Alzheimer’s disease is a degenerative disorder which affects person’s cognition and behavior (dementia). This illness is caused by the brain degeneration and progresses for decades as the brain structures are gradually affected (sustain atrophy). Of note, Alzheimer’s disease is the most common cause of dementia and typically manifests in adults older than 65 years.
Our genetic test is helpful to identify whether a person is genetically predisposed to develop Alzheimer’s disease at some point and whether further investigations to exclude the disorder are needed.
Alzheimer’s disease develops over time, the symptoms worsen gradually. In some individuals the process lasts longer, whereas in the others it may develop rapidly. Additionally, the course of the disease varies from person to person. They may experience different symptoms of different severity, albeit typically this illness goes through similar stages. However, sometimes it is pretty hard to distinguish the stages as symptoms may progress independently of each other.
Preclinical disease remains asymptomatic for many years and even decades, although the brain, namely, its specific regions are already injured. The computer tomography/magnetic resonance tomography may reveal deposits of a protein amyloid beta in the brain tissues.
In mild Alzheimer’s disease which lasts from 2 to 4 years a person remains completely independent, can serve him/herself and engage in social activities. However, a person starts to experience forgetfulness and memory lapses – occasionally it may be hard to recall a familiar word, name some objects, etc. Sometimes a person can’t recognize familiar places anymore, feels confused about certain places and may face difficulties with some domestic and tasks and while dealing with money. The symptoms are very mild and may be even considered a usual forgetfulness. In some cases, mood swings, depression, anxiety and personality changes also burden person’s life and the life of his/her family.
Moderate Alzheimer’s disease usually lasts from 2 to 10 years (on average 7 years). The disease progresses gradually and symptoms worsen over time. Memory loss becomes apparent, a person forgets recent events, whereas remembers the things which took place many years ago. He/she may have problems recognizing relatives and friends, cannot make plans and make decisions. All these problems lead to confusion and depression. It is hard to concentrate, attention deficit and inability or impaired learning are also observed. Other symptoms like hallucinations and delusions may develop. Repetitive movements and muscle twitching may appear and worsen person’s ability to live independently. At some point a person faces problems with reading, writing and calculating.
Sometimes individuals with Alzheimer’s disease wander and may get lost as they cannot find the way back home, forget address, etc. The disease impairs person’s ability to control impulses, therefore, he/she may behave inappropriately, swear and use vulgar words.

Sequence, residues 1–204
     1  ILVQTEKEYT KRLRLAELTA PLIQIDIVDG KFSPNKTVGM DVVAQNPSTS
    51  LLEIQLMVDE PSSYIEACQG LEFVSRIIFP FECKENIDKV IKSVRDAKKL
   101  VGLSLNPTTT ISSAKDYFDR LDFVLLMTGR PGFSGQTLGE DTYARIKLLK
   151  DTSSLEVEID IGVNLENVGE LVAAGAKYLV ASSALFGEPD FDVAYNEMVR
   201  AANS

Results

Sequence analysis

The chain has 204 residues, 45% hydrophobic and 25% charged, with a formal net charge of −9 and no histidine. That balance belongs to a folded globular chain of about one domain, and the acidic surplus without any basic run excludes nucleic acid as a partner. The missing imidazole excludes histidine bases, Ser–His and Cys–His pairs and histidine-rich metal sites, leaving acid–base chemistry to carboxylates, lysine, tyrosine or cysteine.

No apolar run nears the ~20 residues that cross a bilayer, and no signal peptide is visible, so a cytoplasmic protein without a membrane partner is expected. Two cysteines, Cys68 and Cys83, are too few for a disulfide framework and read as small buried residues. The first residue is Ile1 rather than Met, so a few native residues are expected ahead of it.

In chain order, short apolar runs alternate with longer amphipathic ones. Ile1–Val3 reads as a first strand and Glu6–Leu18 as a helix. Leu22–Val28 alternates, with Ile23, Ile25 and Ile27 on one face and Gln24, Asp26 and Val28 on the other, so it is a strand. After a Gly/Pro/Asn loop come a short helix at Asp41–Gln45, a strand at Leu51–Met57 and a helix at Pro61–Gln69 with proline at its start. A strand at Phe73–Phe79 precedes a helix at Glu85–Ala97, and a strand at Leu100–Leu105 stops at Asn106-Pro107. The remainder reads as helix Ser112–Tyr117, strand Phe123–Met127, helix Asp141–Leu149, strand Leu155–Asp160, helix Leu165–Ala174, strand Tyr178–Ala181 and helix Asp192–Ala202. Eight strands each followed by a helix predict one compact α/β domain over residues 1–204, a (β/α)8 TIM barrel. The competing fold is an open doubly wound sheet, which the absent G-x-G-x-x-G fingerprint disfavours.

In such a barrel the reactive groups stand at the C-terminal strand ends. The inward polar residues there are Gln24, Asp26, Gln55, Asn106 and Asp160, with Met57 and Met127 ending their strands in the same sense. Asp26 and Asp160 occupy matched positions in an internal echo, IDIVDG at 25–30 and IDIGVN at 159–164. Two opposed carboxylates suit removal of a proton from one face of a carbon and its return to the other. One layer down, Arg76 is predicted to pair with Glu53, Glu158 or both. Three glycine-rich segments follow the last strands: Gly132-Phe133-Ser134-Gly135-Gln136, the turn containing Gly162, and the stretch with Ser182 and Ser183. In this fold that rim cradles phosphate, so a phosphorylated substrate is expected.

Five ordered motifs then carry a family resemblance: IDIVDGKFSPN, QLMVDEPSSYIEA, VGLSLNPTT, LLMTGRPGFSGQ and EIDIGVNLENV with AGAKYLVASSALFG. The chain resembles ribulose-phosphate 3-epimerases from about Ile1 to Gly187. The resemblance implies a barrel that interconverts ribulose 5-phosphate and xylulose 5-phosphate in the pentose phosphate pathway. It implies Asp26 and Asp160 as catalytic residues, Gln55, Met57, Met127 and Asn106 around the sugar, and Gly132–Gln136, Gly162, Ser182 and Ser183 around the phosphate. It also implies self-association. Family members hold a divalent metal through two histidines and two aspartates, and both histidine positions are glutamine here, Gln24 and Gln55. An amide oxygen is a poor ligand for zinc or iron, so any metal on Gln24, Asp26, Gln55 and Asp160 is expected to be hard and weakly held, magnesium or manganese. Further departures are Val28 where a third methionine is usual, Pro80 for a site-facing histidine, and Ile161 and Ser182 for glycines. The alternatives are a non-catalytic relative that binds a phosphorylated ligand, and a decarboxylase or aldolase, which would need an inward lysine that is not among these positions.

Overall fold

Severe disease on average lasts from 1 to 3 years and a person dies of disease complications such as severe infections and aspiration pneumonia.
In the late stage of the disease person is completely unable to live independently, needs assistance in daily routine, hygiene and requires constant care, and cannot recognize family members and close friends. The everyday activity is reduced, affected person usually stays in bed most of the time and are extremely sleepy the whole day.
As long as a person is not very active and weak, doesn’t eat enough due to swallowing difficulties, he/she losses weight and muscle weight. Respectively, an ill individual becomes even more weak and has no power to walk, sit and talk. Bowel and bladder control is impaired.
Early diagnosis is crucial for the treatment effectiveness and prognosis. Despite the fact that in general the disease cannot be cured, the sooner treatment is initiated, the better symptoms control can be obtained and memory loss can be reduced. Medications used for the treatment of Alzheimer’s are usually much more effective when administered early in the course of the disease. There is also a wide range of non-drug interventions which slow the disease progression and delay memory loss.
Another benefit of early diagnosis is the possibility for a person to plan his/her life, make some financial decisions, etc. Early diagnosis is associated with a better understanding of the disease by an affected person and his/her family, providing better support and care.
Alternatively, there are other possible treatable causes of Alzheimer-like disease. It is necessary to distinguish the real Alzheimer’s disease from these completely reversible disorders to start the appropriate treatment.
Genetic testing helps to identify the risk of developing Alzheimer’s disease and may also provide early diagnosis of the disease when the symptoms are not so obvious.